to have her silks and satins and Armani clothing rent and stained in this horror.

Now if you would like to help us persuade Broadway Pete to reinstate the policy and use your not inconsiderable influence we would be most grateful Mama.

We had an extraordinary meeting to this end on last Saturday and hand delivered a letter with 20 signatures (Helen had 300) to backstage security at the Met. We hope that everyone we know will write letters immediately to Mr. Gelb to reverse this draconian act. Please send copies to me so that I may attach them to the Petition proper that I hope to hand in on or before next Thursday.

Yes, attendances and purchases of both seats and standing room have dropped dramatically since 9/11 sad to say and have never really recovered so all the more reason to encourage patrons from whatever station in life they come from an opera lover is a precious commodity in this day and age when audiences are shrinking. Gelb is all out, he says, to encourage new audiences especially young people. Well, young people cannot afford $350 seats or more and the standees of today may be the benefactors and expensive seat buyers of tomorrow. Some corporate and professional gentlemen have oft recounted to me their student days on the line and now they donate sizeable amounts of money from their own pockets and large sums from corporate funding to the arts. All this because of their good experiences as standees. One can never afford to insult people or be unkind in this manner it is short sighted and does not account for future developments. Someone once ... reminded me that 'THE PEOPLE YOU MEET ON THE WAY UP ARE THE SAME PEOPLE THAT YOU WILL MEET ON YOUR WAY DOWN" AND IT IS SO TRUE.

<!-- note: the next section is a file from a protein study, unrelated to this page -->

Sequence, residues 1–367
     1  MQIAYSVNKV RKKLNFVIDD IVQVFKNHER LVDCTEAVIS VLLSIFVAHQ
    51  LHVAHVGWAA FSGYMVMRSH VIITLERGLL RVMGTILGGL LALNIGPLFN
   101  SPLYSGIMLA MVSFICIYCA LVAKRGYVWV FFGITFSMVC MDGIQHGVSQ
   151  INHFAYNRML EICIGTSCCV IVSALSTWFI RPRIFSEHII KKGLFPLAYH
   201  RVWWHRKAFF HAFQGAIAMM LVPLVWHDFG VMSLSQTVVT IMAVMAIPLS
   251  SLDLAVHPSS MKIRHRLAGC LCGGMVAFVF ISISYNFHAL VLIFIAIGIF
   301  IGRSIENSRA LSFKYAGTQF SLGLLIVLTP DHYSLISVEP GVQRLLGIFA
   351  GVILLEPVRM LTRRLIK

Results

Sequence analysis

Madame, any assistance you may be able to give us will be greatly appreciated. Your wisdom and influence reaches far and wide so I am hoping for great results.

Thank you and Good night.

Sincerely, Josephine Rowe

So let's throw the controvery open for discussion, shall we?

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05 September 2006

Opera quiz

If you call yourself a "serious" Met fan -- in other words, if your existence literally revolves around opera, you will be delighted to hear that in the very near future the Gelb-era Met Opera is planning to increase its number of radio broadcasts by as much as 500%. Yes, that's right, four or five broadcasts per week during the season! And how is this possible, you ask? Oh, cher public, La Cieca may have to get stern with you -- because she's given you three hints already!

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14 August 2006


La Cieca hears that the new regime at the Metropolitan Opera (or the MET Opera, as it will henceforth be called) is moving forward with the recording of selected 2006-2007 live performances, to be sold via download on the "iTunes" model. An agreement reached a couple of weeks ago with the American Federation of Musicians specifically facilitates this sort of recording, and it appears that Peter Gelb's MET will be among the first American opera companies to move into this (one hopes) lucrative field. Ironically, this bonanza may not be shared by some of opera's biggest stars who have exclusive recording contracts, e.g., Angela Gheorghiu and Denyce Graves.